4) Capitalism produces more economic growth: Capitalism produces considerably more economic growth than socialism and as John Kennedy said, “A rising tide lifts all boats.” A fast growing economy produces more jobs, more wealth and helps everyone. Many people assume that capitalism isn’t working if there are still poor people, but that misses the point. In many parts of the world, poverty means living in a hut with a dirt floor while in America, most poor Americans have TVs, refrigerators and cell phones. The rich may take home a larger share of the pie in capitalism, but the poor also benefit tremendously from living in a growing, thriving economy.

5) Socialism is too slow to adapt: Capitalism is extremely good at allocating capital to where it’s most valued. It has to be. Either you give people what they are willing to pay for or someone else will. On the other hand, socialism is slow and stupid for a variety of reasons. Because the government is spending someone else’s money, it doesn’t get particularly concerned about losing money. Political concerns about appearances often trump the effectiveness of a program. Moreover, even if politicians and bureaucrats are intelligent and competent, which are big “ifs,” they’re simply not going to have the specific knowledge needed to make decisions that may impact thousands of different industries. This is why capitalism may have its share of troubles, but when there are really colossal economic screw-ups, you’ll always find the government neck deep in the whole mess.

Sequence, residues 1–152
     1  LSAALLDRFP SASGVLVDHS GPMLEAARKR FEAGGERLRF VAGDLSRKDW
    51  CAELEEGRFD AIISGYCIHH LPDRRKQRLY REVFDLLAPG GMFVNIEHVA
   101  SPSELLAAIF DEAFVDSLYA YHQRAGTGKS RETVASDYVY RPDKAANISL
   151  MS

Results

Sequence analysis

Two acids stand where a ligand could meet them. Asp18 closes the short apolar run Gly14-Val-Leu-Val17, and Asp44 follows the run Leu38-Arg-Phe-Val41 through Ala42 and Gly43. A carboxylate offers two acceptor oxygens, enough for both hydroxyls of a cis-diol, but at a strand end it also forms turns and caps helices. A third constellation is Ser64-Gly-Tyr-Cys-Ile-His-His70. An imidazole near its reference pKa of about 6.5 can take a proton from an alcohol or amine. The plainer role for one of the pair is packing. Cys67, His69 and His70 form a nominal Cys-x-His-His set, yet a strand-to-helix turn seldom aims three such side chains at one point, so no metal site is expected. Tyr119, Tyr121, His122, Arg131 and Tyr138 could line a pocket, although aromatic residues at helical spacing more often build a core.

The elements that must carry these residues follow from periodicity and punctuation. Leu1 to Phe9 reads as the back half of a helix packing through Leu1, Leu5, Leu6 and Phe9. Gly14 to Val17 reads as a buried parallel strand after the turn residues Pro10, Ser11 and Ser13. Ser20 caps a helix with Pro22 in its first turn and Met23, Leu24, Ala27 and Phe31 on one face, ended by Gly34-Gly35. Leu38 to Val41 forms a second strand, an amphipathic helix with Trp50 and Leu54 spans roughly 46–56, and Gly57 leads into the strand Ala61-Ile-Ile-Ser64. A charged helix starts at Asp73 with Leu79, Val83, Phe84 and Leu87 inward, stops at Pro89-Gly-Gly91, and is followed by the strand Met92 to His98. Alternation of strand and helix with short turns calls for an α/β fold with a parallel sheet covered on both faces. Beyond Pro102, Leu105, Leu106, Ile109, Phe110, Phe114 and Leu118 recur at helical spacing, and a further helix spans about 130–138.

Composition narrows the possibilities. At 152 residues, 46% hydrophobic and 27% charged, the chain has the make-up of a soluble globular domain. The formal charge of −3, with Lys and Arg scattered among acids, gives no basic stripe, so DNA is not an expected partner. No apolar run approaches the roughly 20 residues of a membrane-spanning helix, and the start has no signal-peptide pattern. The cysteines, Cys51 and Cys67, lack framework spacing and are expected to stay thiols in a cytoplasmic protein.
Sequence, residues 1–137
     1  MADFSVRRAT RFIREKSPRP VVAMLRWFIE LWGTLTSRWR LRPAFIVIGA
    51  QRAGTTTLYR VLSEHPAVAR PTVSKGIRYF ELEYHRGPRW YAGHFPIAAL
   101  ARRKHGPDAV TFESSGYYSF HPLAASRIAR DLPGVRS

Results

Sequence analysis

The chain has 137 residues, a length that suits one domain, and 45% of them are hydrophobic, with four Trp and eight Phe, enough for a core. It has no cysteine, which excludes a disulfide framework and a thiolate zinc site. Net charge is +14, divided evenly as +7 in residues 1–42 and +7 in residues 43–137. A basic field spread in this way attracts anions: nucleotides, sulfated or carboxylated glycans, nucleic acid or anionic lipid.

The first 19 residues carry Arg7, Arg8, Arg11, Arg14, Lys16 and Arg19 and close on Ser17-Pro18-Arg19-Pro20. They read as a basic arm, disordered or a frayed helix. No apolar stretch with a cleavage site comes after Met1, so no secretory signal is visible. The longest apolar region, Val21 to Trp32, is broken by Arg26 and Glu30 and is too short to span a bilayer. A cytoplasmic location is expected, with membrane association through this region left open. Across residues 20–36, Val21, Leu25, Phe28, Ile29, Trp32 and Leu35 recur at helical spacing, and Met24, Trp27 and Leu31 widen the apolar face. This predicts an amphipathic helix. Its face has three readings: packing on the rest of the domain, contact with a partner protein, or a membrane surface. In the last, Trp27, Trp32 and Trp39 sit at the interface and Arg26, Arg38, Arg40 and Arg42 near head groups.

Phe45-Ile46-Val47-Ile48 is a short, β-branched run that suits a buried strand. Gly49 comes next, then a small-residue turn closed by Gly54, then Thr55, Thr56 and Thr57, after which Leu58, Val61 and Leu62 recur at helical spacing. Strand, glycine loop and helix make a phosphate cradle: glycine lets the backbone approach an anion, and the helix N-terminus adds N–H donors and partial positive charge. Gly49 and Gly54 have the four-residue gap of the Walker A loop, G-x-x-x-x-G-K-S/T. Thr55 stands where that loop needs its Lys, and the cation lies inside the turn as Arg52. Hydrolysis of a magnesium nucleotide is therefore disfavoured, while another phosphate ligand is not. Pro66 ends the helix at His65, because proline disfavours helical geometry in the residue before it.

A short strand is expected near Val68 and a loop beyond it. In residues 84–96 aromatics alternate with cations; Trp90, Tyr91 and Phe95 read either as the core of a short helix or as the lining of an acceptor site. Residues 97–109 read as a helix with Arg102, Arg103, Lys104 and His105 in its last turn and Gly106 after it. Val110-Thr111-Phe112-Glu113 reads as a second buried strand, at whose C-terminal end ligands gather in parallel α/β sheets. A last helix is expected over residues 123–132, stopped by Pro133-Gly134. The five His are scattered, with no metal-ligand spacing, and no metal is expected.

6) Socialism is inherently wasteful: Milton Friedman once said, “Nobody spends somebody else’s money as carefully as he spends his own. Nobody uses somebody else’s resources as carefully as he uses his own.” This is very true and it means that the more capital that is taken out of the economy and distributed, the more of it that will be wasted. The market does a considerably better job of allocating resources than the government because there are harsh penalties for failure. A company that makes products no one wants will go out of business. A poorly performing government program that wastes a hundred times more money will probably receive a bigger budget the next year.